NO DISCRIMINATORY LAW ENFORCEMENT
Defendant argues that the trial judge should have ordered an evidentiary hearing on the issue of discriminatory law enforcement because the Internal Revenue Service violated its policy of not prosecuting persons who voluntarily disclose and rectify false statements in their tax returns. Defendant's argument is based on a misunderstanding of the current Revenue Service policy.
In January 1972, three weeks before I.R.S. began its investigation of Choate, the treasury department changed its voluntary disclosure policy. In announcing the change, the Department of Justice Manual for Criminal Tax Trials, Chapter 1, page 5, reads:
"It is therefore no longer an administrative basis for declining prosecution in the Revenue Service that a prospective defendant voluntarily revealed his tax fraud to an appropriate official of that Service before any investigation of his affairs had begun. Now the fact that a taxpayer seeks voluntarily to rectify a false return is given some weight but is not conclusive of the issue."
Because there was no longer a policy affording immunity for voluntary disclosure, the defendant's argument that I.R.S. failed to follow its own administrative policies in prosecuting him fails. Cf. Sullivan v. United States, 348 U.S. 170, 75 S.Ct. 182, 99 L.Ed. 210 (1954).
To prove discriminatory prosecution, one must establish that the selection of a suspect was deliberately based on an unjustifiable standard, such as race, religion, or other arbitrary classification. Oyler v. Boles, 368 U.S. 448, 456, 82 S.Ct. 501, 505, 7 L.Ed.2d 446 (1962). This rule has been enlarged upon by the Ninth Circuit. "(The defendant) must show that his selection was based on an impermissible ground such as race, religion or exercise of his first amendment right to free speech (citations omitted)." United States v. Scott, 521 F.2d 1188, 1195 (1975), cert. denied, 424 U.S. 955, 96 S.Ct. 1431, 47 L.Ed.2d 361 (1976).
The appeal of the defendant does not present a claim that his prosecution was based on his exercise of a first amendment right, nor does he assert that the prosecution was instituted because of his race or religion. Instead he claims he was prosecuted because he was suspected of another offense which the attorneys for the government felt they could not prove at the time.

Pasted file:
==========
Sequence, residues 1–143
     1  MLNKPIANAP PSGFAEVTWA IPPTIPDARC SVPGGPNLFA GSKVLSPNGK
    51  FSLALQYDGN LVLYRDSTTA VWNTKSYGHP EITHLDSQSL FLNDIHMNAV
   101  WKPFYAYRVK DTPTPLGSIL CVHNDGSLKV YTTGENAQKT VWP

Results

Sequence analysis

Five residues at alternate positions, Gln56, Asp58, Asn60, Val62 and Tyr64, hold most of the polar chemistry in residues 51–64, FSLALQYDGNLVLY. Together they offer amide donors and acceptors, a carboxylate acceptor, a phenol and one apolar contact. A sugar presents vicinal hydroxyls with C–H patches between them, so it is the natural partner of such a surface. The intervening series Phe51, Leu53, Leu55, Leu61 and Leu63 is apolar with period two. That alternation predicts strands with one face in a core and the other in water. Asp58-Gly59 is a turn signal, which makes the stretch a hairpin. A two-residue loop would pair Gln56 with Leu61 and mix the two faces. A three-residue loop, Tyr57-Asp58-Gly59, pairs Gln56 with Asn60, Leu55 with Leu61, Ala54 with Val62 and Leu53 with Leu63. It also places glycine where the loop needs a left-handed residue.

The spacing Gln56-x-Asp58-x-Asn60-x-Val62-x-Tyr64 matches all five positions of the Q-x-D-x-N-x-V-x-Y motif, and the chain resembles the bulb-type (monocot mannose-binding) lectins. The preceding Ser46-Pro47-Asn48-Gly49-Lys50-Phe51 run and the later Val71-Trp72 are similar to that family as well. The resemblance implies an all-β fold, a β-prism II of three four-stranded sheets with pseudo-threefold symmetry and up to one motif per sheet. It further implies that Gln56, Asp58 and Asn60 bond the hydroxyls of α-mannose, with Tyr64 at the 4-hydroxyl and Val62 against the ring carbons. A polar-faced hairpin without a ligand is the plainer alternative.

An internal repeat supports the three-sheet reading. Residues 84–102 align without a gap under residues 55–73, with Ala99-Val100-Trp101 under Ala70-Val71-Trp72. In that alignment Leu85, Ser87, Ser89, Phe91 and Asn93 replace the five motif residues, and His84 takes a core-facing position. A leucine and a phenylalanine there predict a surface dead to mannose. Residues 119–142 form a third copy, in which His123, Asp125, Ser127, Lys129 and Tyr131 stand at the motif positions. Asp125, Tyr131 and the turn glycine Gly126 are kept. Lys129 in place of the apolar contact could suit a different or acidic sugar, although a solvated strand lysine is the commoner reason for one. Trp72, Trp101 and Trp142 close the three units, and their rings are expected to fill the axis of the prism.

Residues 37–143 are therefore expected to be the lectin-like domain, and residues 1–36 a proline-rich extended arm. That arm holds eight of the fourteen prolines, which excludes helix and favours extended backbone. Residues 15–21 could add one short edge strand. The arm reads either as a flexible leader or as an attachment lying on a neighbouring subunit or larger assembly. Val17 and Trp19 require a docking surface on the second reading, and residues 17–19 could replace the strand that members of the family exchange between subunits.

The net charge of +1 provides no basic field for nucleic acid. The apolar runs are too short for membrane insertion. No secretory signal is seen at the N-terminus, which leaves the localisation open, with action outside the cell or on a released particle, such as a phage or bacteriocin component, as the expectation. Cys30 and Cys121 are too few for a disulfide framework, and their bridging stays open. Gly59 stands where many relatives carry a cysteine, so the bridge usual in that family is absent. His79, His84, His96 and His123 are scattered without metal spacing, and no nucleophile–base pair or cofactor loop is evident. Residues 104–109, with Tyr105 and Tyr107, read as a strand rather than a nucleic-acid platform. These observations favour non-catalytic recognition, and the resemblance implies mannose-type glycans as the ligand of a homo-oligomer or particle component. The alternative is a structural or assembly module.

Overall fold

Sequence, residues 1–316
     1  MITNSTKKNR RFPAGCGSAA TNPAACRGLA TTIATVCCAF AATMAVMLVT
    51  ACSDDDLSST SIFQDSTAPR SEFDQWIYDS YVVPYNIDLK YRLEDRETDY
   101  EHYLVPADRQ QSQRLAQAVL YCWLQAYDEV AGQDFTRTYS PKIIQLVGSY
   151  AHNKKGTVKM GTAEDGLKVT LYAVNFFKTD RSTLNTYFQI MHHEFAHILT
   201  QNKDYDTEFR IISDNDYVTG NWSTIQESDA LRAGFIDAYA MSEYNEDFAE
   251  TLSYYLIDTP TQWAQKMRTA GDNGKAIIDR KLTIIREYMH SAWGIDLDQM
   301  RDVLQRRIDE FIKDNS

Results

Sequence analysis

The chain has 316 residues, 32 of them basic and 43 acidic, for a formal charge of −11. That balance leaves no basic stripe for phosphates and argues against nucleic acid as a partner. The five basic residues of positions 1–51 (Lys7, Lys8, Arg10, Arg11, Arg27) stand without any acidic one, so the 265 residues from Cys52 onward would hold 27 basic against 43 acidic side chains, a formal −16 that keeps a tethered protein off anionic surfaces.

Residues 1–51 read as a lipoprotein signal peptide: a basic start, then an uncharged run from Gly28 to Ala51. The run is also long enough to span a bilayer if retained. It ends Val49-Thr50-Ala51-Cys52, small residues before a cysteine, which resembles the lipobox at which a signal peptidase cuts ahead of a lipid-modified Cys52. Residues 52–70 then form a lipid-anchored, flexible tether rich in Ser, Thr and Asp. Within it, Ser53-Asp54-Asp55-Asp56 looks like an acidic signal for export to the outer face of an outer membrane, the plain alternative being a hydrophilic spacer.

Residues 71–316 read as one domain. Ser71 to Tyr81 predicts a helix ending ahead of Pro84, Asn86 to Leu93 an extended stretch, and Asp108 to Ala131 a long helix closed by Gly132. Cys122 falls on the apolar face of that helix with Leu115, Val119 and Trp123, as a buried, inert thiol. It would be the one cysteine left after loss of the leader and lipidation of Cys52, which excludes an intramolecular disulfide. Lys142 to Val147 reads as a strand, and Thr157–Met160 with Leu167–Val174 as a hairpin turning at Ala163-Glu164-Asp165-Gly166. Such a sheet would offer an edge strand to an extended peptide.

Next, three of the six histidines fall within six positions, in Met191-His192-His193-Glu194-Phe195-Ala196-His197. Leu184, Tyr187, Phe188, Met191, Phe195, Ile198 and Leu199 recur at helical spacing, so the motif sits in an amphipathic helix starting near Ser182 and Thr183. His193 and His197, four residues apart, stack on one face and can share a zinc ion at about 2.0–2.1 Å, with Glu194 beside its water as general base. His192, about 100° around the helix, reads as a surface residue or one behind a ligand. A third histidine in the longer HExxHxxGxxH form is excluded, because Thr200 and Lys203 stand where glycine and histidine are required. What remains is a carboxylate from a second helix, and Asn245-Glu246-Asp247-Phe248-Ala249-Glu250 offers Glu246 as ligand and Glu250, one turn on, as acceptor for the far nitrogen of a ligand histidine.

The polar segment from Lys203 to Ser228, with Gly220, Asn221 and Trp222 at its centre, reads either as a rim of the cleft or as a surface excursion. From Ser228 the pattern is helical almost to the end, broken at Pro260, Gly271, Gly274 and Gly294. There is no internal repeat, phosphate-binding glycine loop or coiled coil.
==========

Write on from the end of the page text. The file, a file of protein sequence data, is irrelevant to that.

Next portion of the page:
Under these circumstances, there is no discriminatory prosecution and no denial of Equal Protection of the law. As was so well stated in United States v. Manno, 118 F.Supp. 511 (N.D.Ill.1954):
(C)itizens are entitled to equal protection of the law but these decisions do not hold that citizens are entitled to equal protection from the laws. The fact that not all criminals are prosecuted is no valid defense to the one prosecuted . . . (T)he administration of such a matter lies in the discretion of the prosecuting attorney.
Id. at 515
It is not irrational in a world where resources do not permit prosecution of every suspected criminal that the government would give high priority to prosecuting those who, in addition to being suspected of tax evasion, were also suspected of other serious offenses. Such a standard operates to reduce crime more effectively than a policy based on random enforcement.
Because the defendant has not set forth a cognizable claim of discriminatory law enforcement, the trial court did not err in denying the evidentiary hearing on the claim.
Honorable George Templar, Senior United States District Judge for the District of Kansas, sitting by designation
39 C.F.R. § 233.2(e)(1)(ii) (1975). A parallel provision gives the Chief Postal Inspector the added authority to order mail covers when necessary to protect the national security:
(2) The Chief Postal Inspector, or his designee, may order mail covers under the following circumstances:
(i) When he has reason to believe the subject or subjects of the mail cover are engaged in any activity violative of any postal statute.
(ii) When written request is received from any law enforcement agency wherein the requesting authority stipulates and specifies the reasonable grounds that exist which demonstrate the mail cover is necessary to (A) protect the national security, (B) locate a fugitive, or (C) obtain information regarding the commission or attempted commission of a crime.
C.F.R. § 233.2(d)(2) (1975)